Friday, 17 May 2013

Embedding Business Continuity in the Organisation

John Bartlett CBCI, DBCI
Getting people to think about business continuity and include it in their daily lives is one ofthe most difficult and underestimated aspects of a business continuity programme, yet it can make or break the perception of how successful the programme is. It doesn’t matter how good your resilience and continuity are, if people do not know about it, what to do in an incident or how to maintain it, then you have failed to achieve some of the fundamental principles of implementing business continuity.

This requires communication in the form of education, training and awareness on your organisations business continuity at all levels: staff, management, Directors and key suppliers. Embedding business continuity in the organisation requires an organisational culture change. Organisational culture is often described as ‘the way we do things’, which can be broken down into a collection of shared values, working styles and patterns of behaviour, typically enforced by a set of strong social controls which establish behaviour and control the behavioural patterns. Industry experience has shown that behaviour change initiatives fail to achieve lasting commitment unless attitudes and beliefs are also engaged and corrected. One such attitude which occurs frequently as a barrier to BCM is: ‘it will never happen here’ or ‘it will never happen to us’. In 2003, when embarking on my first BCM project in Oman, I heard these exact comments when discussing BCM threats and risks relating to Cyclones, Hurricanes, floods, industrial disputes and civil disorder/strikes.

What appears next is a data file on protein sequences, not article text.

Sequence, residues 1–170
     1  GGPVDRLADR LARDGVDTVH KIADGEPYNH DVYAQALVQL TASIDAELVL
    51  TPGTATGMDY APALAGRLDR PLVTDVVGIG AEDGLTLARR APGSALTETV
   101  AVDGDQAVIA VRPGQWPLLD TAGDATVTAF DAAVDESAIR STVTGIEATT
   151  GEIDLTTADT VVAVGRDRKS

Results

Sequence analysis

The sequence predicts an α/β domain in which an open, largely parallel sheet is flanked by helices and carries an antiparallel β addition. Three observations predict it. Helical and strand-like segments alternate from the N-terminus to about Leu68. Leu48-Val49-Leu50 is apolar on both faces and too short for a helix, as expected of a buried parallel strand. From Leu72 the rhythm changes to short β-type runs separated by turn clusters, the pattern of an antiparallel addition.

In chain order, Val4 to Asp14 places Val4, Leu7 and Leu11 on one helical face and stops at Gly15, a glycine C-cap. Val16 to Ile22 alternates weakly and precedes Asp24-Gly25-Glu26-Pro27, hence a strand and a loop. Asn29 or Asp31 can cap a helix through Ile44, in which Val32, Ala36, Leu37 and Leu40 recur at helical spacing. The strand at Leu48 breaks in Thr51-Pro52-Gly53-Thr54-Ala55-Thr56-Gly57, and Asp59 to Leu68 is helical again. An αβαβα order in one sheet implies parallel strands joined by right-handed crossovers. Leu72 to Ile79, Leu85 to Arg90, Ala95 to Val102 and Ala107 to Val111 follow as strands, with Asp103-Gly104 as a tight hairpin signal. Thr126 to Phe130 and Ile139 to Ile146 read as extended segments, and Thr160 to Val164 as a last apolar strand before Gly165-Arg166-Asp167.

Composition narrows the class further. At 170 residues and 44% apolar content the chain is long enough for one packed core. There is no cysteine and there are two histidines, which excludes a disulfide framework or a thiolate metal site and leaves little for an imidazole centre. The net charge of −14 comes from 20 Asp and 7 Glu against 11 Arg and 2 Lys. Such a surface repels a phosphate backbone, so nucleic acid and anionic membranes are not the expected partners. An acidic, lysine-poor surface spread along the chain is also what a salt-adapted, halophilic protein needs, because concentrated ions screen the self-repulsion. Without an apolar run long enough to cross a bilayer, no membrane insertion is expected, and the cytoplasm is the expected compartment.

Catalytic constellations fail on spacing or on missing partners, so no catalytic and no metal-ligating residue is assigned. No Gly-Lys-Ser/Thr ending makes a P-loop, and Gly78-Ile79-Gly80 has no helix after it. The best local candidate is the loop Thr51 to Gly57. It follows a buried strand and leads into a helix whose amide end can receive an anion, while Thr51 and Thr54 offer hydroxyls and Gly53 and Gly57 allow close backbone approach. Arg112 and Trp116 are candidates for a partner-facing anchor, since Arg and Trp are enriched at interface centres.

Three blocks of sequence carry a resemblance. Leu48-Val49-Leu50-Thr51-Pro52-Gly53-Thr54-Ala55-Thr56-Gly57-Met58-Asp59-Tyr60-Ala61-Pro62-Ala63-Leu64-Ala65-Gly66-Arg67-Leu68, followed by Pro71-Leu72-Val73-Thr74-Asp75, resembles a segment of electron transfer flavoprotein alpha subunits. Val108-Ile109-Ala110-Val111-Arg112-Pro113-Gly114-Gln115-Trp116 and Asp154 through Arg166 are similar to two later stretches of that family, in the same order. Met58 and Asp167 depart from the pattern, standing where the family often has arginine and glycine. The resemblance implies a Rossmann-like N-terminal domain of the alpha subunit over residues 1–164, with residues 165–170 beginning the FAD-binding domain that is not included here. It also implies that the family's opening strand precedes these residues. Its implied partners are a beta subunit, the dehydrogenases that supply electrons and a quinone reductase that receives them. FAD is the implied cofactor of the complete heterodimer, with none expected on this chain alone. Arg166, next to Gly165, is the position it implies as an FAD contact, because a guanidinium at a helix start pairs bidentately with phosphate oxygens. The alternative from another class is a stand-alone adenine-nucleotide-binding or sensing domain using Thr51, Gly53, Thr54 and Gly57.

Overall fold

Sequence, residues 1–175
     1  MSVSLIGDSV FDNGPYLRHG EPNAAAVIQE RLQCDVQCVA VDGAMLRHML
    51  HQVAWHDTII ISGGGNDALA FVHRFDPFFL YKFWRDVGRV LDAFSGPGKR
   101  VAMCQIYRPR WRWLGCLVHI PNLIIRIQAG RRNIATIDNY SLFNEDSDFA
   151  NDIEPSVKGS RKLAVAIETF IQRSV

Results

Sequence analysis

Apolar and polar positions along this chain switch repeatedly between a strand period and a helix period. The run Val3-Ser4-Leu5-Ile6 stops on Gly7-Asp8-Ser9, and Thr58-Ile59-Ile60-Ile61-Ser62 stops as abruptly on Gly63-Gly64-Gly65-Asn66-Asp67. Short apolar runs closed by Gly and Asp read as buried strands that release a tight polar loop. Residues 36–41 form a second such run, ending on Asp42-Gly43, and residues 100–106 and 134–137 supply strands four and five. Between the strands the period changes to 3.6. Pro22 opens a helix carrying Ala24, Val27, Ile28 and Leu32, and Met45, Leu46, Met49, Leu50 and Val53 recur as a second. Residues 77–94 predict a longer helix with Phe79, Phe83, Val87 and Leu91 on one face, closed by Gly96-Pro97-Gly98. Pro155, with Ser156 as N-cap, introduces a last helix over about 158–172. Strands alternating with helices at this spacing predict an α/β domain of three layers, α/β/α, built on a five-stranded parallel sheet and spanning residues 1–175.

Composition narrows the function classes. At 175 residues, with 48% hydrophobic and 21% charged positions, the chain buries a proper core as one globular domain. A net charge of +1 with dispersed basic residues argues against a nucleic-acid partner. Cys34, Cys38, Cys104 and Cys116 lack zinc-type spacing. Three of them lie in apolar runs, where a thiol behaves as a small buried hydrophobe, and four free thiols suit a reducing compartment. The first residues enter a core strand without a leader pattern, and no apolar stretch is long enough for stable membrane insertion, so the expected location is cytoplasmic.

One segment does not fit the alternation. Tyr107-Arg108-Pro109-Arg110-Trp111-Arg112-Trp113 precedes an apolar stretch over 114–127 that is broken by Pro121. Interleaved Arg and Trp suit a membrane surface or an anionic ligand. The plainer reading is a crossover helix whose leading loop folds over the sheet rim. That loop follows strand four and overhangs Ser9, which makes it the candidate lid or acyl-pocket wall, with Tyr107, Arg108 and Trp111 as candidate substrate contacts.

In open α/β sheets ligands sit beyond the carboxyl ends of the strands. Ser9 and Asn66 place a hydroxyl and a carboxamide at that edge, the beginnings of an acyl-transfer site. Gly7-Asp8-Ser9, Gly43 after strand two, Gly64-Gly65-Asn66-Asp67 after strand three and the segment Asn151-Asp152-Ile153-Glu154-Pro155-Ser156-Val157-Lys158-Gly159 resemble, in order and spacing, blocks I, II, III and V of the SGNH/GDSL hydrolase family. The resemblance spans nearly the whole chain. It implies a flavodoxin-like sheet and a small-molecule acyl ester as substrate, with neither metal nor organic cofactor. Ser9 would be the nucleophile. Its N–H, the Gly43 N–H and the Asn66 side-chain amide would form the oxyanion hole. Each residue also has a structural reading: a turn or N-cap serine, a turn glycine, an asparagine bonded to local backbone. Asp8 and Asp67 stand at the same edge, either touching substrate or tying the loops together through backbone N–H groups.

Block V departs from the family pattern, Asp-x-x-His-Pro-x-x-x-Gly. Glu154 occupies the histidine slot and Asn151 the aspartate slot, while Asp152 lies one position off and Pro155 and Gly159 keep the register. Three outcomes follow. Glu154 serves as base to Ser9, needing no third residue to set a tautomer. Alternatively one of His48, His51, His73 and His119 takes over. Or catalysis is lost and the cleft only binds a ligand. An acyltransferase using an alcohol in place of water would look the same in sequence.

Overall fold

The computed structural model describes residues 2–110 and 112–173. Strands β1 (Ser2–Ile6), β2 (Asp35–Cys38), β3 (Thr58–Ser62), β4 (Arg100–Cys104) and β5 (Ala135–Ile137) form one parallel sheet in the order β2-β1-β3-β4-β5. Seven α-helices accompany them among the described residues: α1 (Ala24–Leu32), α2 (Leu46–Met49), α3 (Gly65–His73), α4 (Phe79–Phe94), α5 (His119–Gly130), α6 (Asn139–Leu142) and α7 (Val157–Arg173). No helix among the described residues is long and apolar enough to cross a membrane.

The extent of successfully embedding BCM into the organisation will be determined by the degree to which individuals change their behaviour, attitudes and beliefs. To measure and assess this we first have to establish a baseline for the level of current awareness. This helps develop a targetted training, education and awareness strategy and allow the measurement of change achieved through the program. This awareness assessment is similar to a Training Needs Analysis which comprises of:
  1. Identifying the current level of BCM awareness;
  2. Defining the desired level of BCM awareness;
  3. Understanding the nature and scope of the gap to be addressed between 1 & 2.
Once the gaps have been identified, it is a case of working out what needs to be communicated and the best way of doing it. This may also require some development in terms of the tools and techniques that will be used.
Embedding business continuity within the organisation is a battle of ‘hearts and minds’. People need to know what it is, what it does, what benefit it is to them and what could happen if it doesn’t work or is not maintained. The key messages that need to be delivered and understood can be summarised as the who, what, when, where and why of business continuity, the campaign (or project) will then define how these are best communicated. A key aspect is to ensure all the campaign activities are conducted in a clear, easy to understand and consistent manner so that no misunderstanding, mixed messages or confusion occurs.
Simply put, who is responsible for what when it comes to business continuity. This includes: 
  • What are the roles and responsibilities for establishing and maintaining business continuity?
  • What are the roles and responsibilities for investigating, invoking and revoking business continuity?